I think mixed models are the way to go. The key is to think generatively - how do you expect your data to have been created? One way to think about the probelm you describe is that there is a per-person true strength $\alpha_i$ which is modified by a Gaussian noise with sd of $\sigma$ independently for each day. Then there is a separate effect for each time point $\beta_t$ which I will assume is the same for all participants (it doesn't have to). $Y_{i,j}$ is the j-th measurement of subject i. Then

$Y_{i,j} \sim N(\alpha_i + \beta_{time(j)} + \gamma, \sigma)$

$\alpha_i \sim N(0,\tau)$

$\beta_t \sim N(0,\kappa)$

Here $\gamma$ is the overall intercept and $\tau$ is the between-person variability, $\kappa$ the between time variability and $\sigma$ combines the measurement error, between-day variability. All of those are treated as model parameters. Since measurement error of your device is likely to be known and quite small and you are actually measuring the variable of interest (not a proxy), you can compute between-day variability simply by subtracting the known measurement error from $\sigma$.

However, your data are only weakly informative about $\kappa$ and $\sigma$ individually (you only have one data point per subject to spot the difference). It might be prudent to use a fully Bayesian approach to quantify this uncertainty, as methods such as lme4 may not be reliable. The above model should be expressible in both INLA and brms which both should handle the uncertainty well (the former is computationally more efficient, while the latter is more flexible and IMHO better documented).

You can also improve your ability to estimate $\beta_t$ by assuming that they are a continuous function of time (e.g. that $\beta_7$ is correlated with $\beta_{10}$ but less bound to $\beta_{21}$). Using splines or Gaussian process or autoregressive models (there is support for some of those in the aforementioned packages). With this assumption, you could probably even work with person-specific between-time variability.

EDIT: It will also help if you have some form of horseshoe prior on the per-time and per-person coefficients e.g.:

$\tau \sim HalfNormal(0,1)$

$\kappa \sim HalfNormal(0,1)$

The priors should obviously be modified to reflect the scale of the values you work with ($HalfNormal(0,1)$ should be OK if your data are somewhere between -5 and +5). Alternatively, you could assume a covariance strucutre on those parameters (once again, this is supported in INLA and brms out of the box, not sure about lme4).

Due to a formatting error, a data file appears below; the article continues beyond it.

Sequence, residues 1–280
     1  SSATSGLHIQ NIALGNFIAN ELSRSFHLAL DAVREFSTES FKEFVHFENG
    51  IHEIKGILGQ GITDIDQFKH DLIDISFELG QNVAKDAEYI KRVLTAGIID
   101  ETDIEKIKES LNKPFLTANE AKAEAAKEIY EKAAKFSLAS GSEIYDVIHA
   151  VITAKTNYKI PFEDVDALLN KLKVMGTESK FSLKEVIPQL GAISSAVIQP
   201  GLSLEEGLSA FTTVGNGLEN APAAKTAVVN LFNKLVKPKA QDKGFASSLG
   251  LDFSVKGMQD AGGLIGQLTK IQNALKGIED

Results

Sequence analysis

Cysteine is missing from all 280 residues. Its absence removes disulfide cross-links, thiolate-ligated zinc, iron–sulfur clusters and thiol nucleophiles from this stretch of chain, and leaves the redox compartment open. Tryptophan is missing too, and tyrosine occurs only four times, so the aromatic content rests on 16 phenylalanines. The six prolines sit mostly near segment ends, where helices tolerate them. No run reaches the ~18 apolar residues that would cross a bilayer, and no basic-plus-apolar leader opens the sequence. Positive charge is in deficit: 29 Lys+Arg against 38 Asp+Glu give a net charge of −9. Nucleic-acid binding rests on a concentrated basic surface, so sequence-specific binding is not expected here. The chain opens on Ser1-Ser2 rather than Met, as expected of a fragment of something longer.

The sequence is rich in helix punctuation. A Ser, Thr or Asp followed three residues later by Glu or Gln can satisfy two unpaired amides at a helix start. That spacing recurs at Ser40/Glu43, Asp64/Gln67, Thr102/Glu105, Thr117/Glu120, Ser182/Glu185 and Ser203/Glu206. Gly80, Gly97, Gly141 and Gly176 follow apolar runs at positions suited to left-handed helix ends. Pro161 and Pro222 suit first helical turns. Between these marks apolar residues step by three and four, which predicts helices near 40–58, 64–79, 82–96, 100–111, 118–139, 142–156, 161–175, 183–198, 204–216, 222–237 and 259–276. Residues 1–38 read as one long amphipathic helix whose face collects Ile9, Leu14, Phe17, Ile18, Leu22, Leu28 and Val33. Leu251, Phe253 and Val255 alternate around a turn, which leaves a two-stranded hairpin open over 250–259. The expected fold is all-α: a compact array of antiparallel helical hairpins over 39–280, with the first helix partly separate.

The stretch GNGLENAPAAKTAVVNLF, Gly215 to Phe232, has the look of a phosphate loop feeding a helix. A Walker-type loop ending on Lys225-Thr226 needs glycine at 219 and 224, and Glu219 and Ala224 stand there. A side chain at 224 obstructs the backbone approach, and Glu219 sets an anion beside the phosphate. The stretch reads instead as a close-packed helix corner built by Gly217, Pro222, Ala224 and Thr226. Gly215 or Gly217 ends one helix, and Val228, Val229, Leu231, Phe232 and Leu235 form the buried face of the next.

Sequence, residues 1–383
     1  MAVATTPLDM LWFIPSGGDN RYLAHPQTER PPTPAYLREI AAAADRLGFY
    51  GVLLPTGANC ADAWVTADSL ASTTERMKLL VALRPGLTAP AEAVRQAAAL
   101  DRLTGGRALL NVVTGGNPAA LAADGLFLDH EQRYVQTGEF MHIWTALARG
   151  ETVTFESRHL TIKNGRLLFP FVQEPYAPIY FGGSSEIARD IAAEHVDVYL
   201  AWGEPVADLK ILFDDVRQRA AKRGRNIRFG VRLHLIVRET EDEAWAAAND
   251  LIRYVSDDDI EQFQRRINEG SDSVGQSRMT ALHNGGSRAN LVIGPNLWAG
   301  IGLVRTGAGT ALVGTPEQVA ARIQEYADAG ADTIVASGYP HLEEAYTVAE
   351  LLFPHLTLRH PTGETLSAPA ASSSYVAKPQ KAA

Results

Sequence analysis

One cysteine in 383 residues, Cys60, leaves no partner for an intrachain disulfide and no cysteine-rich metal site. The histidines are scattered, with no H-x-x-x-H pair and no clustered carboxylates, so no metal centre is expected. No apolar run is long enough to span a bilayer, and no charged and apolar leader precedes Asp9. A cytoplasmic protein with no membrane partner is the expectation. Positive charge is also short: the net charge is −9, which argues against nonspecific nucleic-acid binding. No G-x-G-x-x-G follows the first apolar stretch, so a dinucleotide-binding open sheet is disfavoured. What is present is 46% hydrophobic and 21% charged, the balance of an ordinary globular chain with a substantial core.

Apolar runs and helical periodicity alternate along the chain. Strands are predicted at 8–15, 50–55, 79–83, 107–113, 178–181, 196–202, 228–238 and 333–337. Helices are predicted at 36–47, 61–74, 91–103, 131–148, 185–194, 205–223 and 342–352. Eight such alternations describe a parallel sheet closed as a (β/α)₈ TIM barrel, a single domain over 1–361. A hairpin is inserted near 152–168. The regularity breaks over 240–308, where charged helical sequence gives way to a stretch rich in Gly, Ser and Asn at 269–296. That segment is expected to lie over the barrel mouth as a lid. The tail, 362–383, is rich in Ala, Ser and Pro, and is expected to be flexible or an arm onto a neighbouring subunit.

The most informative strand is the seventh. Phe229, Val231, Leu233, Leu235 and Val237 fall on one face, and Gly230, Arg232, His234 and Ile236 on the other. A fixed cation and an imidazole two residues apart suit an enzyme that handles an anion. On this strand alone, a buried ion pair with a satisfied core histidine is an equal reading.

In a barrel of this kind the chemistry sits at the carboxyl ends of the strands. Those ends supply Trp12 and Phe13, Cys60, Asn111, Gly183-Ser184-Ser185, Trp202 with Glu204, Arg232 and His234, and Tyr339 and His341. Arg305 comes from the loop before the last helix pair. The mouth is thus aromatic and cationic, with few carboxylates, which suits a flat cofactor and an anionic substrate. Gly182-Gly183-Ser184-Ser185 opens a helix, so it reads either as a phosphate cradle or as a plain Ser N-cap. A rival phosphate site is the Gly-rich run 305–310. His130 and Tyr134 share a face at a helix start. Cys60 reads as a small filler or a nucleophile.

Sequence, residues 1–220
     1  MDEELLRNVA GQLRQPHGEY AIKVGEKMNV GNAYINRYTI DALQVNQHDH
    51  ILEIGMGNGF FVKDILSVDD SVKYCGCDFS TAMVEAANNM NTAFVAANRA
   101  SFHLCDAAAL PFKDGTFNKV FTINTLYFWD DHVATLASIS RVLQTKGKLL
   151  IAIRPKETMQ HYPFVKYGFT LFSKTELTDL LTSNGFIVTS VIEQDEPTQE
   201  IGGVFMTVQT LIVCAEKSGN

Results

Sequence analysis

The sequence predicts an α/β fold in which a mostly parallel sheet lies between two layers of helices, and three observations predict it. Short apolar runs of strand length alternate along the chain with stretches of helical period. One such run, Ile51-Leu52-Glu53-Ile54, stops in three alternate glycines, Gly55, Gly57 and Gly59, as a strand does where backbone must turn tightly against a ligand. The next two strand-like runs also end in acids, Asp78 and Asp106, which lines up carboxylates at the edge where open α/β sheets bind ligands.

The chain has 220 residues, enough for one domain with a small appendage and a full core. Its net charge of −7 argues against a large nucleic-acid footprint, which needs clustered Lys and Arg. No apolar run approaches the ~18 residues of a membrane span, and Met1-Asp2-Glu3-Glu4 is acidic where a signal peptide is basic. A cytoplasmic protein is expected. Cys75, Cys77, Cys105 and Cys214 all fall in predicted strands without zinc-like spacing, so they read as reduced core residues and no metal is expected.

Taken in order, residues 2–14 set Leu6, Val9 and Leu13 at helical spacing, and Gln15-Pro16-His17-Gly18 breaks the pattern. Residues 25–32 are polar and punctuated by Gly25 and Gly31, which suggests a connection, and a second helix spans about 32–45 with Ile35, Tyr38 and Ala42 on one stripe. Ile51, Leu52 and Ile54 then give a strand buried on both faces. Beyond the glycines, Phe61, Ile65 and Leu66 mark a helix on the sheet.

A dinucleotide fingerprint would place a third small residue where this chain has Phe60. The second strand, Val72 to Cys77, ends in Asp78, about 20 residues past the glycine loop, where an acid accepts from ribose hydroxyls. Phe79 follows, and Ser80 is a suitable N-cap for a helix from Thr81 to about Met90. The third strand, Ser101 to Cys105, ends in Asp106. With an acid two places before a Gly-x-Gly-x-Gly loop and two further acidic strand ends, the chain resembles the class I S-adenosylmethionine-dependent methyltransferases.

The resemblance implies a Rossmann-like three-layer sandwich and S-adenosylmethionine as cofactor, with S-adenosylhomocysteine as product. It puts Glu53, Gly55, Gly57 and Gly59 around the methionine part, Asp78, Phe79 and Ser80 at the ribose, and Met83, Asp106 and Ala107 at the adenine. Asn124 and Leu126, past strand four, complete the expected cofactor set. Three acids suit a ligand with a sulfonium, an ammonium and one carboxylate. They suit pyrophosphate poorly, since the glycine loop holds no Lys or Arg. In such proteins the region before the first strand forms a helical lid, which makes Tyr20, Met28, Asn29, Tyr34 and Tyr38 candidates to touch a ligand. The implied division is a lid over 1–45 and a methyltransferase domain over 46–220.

• $\begingroup$ (+1) Thanks a lot for this comprehensive answer. Am I correct in assuming that the following model corresponds to your model (in lme4 notation): legisom ~ Timepoint + (1|ID)? Where Timepoint is a categorical variable. $\endgroup$ – COOLSerdash Mar 16 '18 at 11:45
  • 1
    $\begingroup$ I have little experience with lme4, but I think the formula would look like legisom ~ Timepoint + (1|ID) + 1 (thats what it would look like in brms and maybe the +1 is implicit) and - very importantly, there is the horseshoe prior (or similar - corresponds to the distribution defined for $\alpha_i$ and $\beta_t$ above) on both the Timepoint and ID intercepts that both ties them together (increasing your power to determine them) and helps you determine the between-person and between-time variability. $\endgroup$ – Martin Modrák Mar 16 '18 at 12:41
  • $\begingroup$ I also added some notes on priors for the hyperparameters. $\endgroup$ – Martin Modrák Mar 16 '18 at 13:00
  • $\begingroup$ Thanks that's very helpful information. I managed to fit the model. One question: Because Timepoint is categorical, I think there is a separate prior on each beta. I'm not sure how to extract or see $\tau$ in this. $\endgroup$ – COOLSerdash Mar 16 '18 at 19:58
  • 1
    $\begingroup$ Just to be clear: you are able to get the between-person variability $\tau$, but cannot get the between-time variability $\kappa$? It seems that when working with categorical population-level effects, you cannot easily bind together the individual coefficients. But I think you can have legisom ~ (1|Timepoint) + (1|ID) and then you'll be able to extract both $\kappa$ and $\tau$ (at least this is what is the default in brms, not sure about lme4). $\endgroup$ – Martin Modrák Mar 19 '18 at 6:14